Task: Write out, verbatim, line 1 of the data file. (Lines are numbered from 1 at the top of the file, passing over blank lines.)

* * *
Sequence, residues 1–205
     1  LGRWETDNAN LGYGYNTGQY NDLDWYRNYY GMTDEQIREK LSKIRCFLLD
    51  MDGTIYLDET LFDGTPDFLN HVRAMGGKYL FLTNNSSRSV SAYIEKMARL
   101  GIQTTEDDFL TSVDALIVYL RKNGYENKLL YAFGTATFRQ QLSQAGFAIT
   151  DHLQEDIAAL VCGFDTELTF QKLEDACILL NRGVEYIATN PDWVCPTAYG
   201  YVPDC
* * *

Sequence, residues 1–205